VANCOUVER — Brian Burke's brilliance might be wasted in his current venture. Now that he has engineered the most impressive Olympic performance from a U.S. team since Mike Eruzione became a walking infomercial, let's ask Burkie to cure global warming, the recession and psoriasis.
He's one of ours, you know, a guy who grew up in Edina and who has become one of the best and bluntest general managers in the NHL. This month, as GM of Team USA, Burke might be doing his finest work, playing Chef de Cuisine to a young and unimposing roster that on Friday whipped Finland 6-1 to advance to the gold medal game.
If the USA faces Canada in Vancouver, Canadians will consider it the biggest event ever, just ahead of The Big Bang and the invention of really strong beer.
"Players have accepted their roles and busted their asses,'' Burke said in a response to a question I e-mailed him Friday night. "I have really enjoyed this group. [Coach] Ron Wilson has done a terrific job. But the mission isn't finished.''
This is a Burkie team, built with mobile defensemen, aggressive, forechecking forwards and a slew of role players who kill penalties, frustrate opposing scorers and block shots. Even Burke has to be surprised that the United States is undefeated and has outscored opponents 22-6, but the players he chose play and speak with the kind of understated confidence you would expect of Hall of Famers, not Olympic long shots.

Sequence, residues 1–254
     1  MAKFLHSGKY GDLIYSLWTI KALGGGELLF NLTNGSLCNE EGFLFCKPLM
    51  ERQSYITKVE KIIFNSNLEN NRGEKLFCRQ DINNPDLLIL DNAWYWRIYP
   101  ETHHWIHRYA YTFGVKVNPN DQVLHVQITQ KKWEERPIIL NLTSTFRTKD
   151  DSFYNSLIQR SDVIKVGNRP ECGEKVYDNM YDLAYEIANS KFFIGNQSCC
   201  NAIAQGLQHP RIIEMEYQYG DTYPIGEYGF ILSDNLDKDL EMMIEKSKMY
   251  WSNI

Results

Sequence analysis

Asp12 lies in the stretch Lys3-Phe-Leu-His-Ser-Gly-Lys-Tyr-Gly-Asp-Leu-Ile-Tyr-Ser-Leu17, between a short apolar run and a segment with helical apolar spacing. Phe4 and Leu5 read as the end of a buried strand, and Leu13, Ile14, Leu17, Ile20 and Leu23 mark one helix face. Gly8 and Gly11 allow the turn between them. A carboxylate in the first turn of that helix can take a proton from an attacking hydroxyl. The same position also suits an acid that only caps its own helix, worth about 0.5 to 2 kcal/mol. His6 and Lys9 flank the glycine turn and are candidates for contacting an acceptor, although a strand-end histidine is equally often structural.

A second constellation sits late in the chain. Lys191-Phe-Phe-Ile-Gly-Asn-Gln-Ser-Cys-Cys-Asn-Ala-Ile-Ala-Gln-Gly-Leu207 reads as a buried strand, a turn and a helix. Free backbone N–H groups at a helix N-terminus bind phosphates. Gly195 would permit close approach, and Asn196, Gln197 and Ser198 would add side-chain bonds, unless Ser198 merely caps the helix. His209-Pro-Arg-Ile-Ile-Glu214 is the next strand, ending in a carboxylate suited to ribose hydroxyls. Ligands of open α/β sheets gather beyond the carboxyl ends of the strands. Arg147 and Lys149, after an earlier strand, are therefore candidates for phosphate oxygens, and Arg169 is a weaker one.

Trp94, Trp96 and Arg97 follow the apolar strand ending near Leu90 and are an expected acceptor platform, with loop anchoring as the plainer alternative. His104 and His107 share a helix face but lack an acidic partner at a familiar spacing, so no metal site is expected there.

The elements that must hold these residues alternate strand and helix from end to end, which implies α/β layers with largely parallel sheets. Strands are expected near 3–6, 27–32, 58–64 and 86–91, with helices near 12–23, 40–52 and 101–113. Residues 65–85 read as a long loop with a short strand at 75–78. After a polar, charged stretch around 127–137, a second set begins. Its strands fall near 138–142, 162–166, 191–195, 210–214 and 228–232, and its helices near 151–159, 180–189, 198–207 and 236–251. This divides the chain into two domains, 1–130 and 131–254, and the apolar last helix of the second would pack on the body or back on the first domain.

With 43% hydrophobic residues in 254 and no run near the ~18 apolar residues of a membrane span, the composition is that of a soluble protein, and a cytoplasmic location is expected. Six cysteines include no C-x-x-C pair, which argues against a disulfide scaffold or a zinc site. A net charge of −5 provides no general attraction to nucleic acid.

"This is probably the best group of guys I've ever played with,'' said defenseman Jack Johnson. "This is the most unselfish team I've ever played with. Every single guy on this team I know, already, is going to lay it on the line on Sunday, and I knew that coming into the tournament.
Burke packed his roster with workmanlike players and even chose an under-the-radar coach in Ron Wilson, who is experienced but is currently overseeing what can kindly be called a rebuilding process for the Toronto Maple Leafs, Burke's new employer.
"I know I can coach,'' Wilson said. "And when you've got great goaltending and mobile defensemen and skill up front, we as coaches just try to stay out of the way.''
Finland is usually formidable in Olympic play, but the Americans' intense forechecking dominated the early going. Former Gopher Phil Kessel pressured Finn goalie Mikka Kiprosoff into a turnover that led to an empty-net goal, and the U.S. frenzy didn't subside until it was 6-0 in the first.
The Americans are undefeated. They have not trailed during the tournament. They seized the No. 1 seed in the elimination portion of the tournament with a 5-3 victory over Canada, the most talented and, it would seem, most driven team in the Olympics.
Every skater is on the positive side of the plus-minus ledger. Twelve players have scored goals, 17 have scored a point.
Even a gold medal wouldn't make this U.S. team the equivalent of the 1980 Miracle on Ice crew. Those players were college kids facing a worldwide dynasty under the cloud of the Cold War.
This is just really good hockey, better than many of us expected after watching the United States embarrass itself in Turin.
"Every one of us came here expecting to win,'' Johnson said. "We've had so much success together as a young group internationally. I've got a lot of gold medals at my house from previous tournaments. We came here thinking: Why can't we do it here?
"This is the pinnacle of sports. It's the biggest honor you could have, playing for your country for a gold medal. We're very privileged to get this opportunity at a young age, and we want to take advantage of it.
"I can't wait for Sunday.''
Jim Souhan can be heard at 10-noon Sunday on AM-1500. His Twitter name is SouhanStrib. • email@example.com